TIP: Route away some extra pattern material to enlarge the width of the cutter's path. Do this while the temporary pattern is still in place to reduce chances for an accidental cut outside of the desired shape. The initial pass of the router around the edge leaves a narrow path that may bind on the guide bearing when cutting deeper in the next step. It's not necessary to route away the whole center (although you could), but just enough to widen the path. Pay attention to the direction of router rotation vs. work direction when doing that or the router can grab and yank itself dangerously.

Once the first pass is made, the routed shape should be deep enough (~3/8") to allow deeper cutting without needing the temporary pattern anymore. After removing the temporary template, adjust the router bit to cut deeper for the final cut-through pass. Be sure that the bit's guide bearing rides on the already-cut edges!

Here's the finished 3/4" thick template after detaching it from the sacrificial backer board. Use this template to mill recesses into the actual baffle surfaces. You can use the same router bit.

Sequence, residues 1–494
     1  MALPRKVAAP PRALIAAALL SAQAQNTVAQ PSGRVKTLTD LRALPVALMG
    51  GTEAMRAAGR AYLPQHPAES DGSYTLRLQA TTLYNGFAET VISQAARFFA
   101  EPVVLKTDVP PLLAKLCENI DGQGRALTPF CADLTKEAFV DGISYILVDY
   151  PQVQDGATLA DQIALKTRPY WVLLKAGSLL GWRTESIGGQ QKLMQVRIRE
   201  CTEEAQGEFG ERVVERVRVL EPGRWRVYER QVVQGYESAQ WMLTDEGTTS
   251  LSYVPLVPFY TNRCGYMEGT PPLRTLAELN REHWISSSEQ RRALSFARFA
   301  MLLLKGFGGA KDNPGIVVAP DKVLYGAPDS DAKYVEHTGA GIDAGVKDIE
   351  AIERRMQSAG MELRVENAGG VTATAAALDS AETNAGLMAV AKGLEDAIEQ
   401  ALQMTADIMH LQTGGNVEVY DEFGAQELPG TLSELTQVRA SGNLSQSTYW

This final template, or pattern, will be clamped to the actual baffle material, and used to cut the recess for the driver. The same router bit used in the previous steps can be used to do this.

Using a Pattern Template

For my Linkwitz Pluto project, you can see the routed recess made with its final pattern template in the next two photos. It required only two flats to fit the driver, but the temporary pattern (not shown) was made just as described above. Set the depth of cut to allow the driver flange to sit flush with the baffle surface. After cutting the path next to the pattern edge, remove a little more of the center material away. You want enough removed to ensure that the flange area is cleaned up.

The round through-opening will be cut later using the traditional method of cutting driver holes with a circle jig.

It's important that the template is firmly attached to the baffle material. Counter-sunk screws or double-stick tape can be used to do that. For the Pluto, I used screws located outside the final baffle area. I routed the recess first on a larger piece of wood, then cut it down to the final desired shape. The screw holes were located in the waste. With double-stick tape, there will be no holes to worry about although I sometimes worry about the strength of the bond.

The photo at the top of the page shows the completed Pluto baffle with the driver installed. It's a nice, accurate fit.

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Created 7/20/2014
2014 William Schneider - All Rights Reserved